Phone visits also became a critical tool for the mobile team as the pandemic reduced the SA/DVCC’s ability to visit emergency departments at other hospitals. To minimize the risk of multiple individuals going back and forth between hospitals, the team developed a new patient flow that brings patients to WCH after their emergency department visit or provides the option of telephone support.

“Sometimes our patients are in the emergency departments for a long time. They’re tired, and the fact that they have to go to a second location can seem really exhausting,” described Kainth. “We set up a system where we could do our assessment over the phone, talk to them about their options of care, and then book them into our follow-up clinic.”

However, for some seeking care, there is no place to go after their appointment. “We also have patients coming to us from congregate living spaces or who need to access a shelter,” explained Goulbourne. “Those who present with symptoms or have been in contact with an individual who tested positive for COVID-19 are also tested for the virus as part of their care – a negative result is required to access shelter services.”

Working with internal partners at WCH’s Acute Ambulatory Care Centre, patients are provided with a room and any required care until they receive their COVID-19 results. During their stay, a team of social workers collaborates with Inner City Health Associates to connect the individual with supports and resources, whether it’s a safe place to isolate or a bed in a shelter.

“Even though our patients are coming to us for sexual assault or domestic violence care, we recognized that they may have additional needs,” said Goulbourne. “We are proud that, as a team, WCH is able to provide all aspects of care and ensure nobody gets left behind.”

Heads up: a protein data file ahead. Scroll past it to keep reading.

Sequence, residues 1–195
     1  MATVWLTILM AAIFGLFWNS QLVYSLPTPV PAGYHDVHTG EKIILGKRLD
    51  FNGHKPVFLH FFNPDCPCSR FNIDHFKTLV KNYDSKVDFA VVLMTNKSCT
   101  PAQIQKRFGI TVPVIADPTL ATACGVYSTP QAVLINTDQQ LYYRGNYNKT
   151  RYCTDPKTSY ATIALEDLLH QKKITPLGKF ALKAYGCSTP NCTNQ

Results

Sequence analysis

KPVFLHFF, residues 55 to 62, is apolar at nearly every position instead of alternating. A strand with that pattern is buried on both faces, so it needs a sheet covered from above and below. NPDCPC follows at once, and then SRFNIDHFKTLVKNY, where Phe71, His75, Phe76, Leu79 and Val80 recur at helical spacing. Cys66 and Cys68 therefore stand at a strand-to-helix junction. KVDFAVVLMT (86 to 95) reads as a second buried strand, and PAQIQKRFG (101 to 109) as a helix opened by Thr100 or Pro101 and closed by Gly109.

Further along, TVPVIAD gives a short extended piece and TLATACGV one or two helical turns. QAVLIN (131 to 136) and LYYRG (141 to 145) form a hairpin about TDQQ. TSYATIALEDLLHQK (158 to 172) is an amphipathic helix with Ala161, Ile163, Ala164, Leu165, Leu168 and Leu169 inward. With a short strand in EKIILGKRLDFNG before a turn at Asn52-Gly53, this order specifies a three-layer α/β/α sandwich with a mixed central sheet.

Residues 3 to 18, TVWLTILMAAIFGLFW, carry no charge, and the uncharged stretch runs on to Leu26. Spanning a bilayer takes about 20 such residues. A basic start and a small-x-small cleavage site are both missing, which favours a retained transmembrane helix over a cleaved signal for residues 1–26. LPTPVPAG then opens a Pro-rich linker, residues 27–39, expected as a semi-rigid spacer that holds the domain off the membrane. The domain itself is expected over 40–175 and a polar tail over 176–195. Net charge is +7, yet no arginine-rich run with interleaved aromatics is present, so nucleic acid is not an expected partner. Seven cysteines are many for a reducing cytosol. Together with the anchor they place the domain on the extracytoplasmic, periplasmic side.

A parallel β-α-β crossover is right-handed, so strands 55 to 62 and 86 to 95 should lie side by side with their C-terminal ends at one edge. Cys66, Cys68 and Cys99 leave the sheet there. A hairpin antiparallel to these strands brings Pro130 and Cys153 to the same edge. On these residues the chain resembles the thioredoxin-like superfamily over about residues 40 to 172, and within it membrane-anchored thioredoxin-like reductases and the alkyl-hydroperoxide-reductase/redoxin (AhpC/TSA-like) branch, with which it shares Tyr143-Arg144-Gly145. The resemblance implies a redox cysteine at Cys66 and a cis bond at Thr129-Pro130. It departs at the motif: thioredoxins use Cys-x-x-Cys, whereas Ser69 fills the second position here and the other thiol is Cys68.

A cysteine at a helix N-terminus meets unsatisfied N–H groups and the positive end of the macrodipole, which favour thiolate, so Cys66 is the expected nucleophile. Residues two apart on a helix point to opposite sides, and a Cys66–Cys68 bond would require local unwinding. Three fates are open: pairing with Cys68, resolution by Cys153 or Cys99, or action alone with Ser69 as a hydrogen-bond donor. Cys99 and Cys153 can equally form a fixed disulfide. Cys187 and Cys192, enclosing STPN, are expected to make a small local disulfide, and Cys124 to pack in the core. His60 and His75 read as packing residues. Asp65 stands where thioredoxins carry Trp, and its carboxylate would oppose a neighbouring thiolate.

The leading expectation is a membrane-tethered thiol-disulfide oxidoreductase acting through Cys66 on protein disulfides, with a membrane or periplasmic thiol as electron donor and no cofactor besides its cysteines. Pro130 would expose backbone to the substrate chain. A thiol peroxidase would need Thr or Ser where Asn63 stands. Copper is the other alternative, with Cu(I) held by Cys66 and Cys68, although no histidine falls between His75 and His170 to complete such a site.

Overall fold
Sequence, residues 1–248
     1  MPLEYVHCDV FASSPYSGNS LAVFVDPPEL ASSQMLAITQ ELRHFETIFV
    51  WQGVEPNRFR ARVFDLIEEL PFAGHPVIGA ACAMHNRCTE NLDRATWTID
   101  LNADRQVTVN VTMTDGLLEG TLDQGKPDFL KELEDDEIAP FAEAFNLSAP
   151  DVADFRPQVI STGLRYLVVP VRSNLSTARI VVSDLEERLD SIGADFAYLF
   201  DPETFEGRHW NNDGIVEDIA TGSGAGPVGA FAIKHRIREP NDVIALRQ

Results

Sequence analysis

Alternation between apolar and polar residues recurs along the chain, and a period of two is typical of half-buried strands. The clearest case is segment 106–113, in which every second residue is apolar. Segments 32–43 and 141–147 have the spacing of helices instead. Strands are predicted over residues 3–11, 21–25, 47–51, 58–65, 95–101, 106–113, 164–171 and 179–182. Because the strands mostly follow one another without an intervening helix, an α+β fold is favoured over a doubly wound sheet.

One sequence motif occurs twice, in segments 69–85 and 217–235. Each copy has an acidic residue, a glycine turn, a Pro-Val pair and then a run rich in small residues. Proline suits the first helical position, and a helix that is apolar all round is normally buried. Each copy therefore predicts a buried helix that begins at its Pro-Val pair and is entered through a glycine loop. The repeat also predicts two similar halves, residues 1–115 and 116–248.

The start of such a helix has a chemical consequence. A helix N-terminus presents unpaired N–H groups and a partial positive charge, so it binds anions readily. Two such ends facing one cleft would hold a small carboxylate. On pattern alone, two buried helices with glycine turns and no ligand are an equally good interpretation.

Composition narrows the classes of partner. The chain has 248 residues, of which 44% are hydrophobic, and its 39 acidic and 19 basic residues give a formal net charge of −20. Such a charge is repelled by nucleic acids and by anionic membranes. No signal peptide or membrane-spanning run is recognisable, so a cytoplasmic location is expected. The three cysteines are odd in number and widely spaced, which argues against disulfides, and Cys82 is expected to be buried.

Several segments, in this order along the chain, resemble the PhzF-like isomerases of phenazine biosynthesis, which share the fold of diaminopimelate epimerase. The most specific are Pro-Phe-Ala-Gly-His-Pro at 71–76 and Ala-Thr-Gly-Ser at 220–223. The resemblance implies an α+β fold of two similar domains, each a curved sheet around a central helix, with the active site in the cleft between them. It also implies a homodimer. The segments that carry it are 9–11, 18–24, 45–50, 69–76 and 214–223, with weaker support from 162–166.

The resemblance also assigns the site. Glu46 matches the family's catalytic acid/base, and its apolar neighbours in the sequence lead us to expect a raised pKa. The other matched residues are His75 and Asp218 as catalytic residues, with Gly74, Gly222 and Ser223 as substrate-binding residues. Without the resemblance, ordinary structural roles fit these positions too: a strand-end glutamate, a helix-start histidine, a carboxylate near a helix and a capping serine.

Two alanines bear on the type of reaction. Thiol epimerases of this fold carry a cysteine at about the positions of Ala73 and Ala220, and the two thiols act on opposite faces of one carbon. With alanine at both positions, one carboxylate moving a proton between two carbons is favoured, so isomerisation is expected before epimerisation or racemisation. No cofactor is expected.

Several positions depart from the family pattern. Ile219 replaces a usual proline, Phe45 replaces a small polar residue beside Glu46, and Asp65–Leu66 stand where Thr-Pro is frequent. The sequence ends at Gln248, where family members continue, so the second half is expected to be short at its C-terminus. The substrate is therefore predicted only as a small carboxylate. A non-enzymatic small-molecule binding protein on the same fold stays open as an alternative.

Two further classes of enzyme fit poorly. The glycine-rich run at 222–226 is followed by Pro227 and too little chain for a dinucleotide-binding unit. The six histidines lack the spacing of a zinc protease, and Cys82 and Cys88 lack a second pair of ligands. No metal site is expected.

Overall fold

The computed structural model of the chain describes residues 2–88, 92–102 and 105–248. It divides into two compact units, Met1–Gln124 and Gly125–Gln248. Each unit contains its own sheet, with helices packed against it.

“We are 24/7, we are drop-in, we are mobile, we are a phone call away. We will ensure that there will always be someone available to provide support.”

Both Goulbourne and Kainth emphasize that cohesive and continuing care throughout the pandemic would not have been possible without a strong network of community and internal partners. The SA/DVCC team supported the Ontario Network of Sexual Assault/Domestic Violence Treatment Centres, which is also housed at WCH, in establishing a 24/7 nurse-staffed navigation phone line that assists both service providers and individuals who have experienced sexual assault or domestic violence. The initiative connected 37 treatment centres from across the province, each committed to supporting the navigation phone line and each other.

“The pandemic created huge challenges for all the sites in terms of remaining accessible to patients,” explained Goulbourne. “The phone line enabled other Centres to step in if a site was being overwhelmed, redirecting patients to the next nearest Centre or linking them with the necessary resources.”

Regardless of the circumstance, all of the Centres strive toward a common goal – that no patient is turned away or goes without care. Beyond the pandemic, Goulbourne sees a continued opportunity for the new streamlined processes and virtual care options to reach patients who live in rural areas or face barriers to accessing in-patient care.

“We want to ensure that we can provide all of our patients with the right resources and care, no matter the circumstances,” Goulbourne said. “We are 24/7, we are drop-in, we are mobile, we are a phone call away. We will ensure that there will always be someone available to provide support.”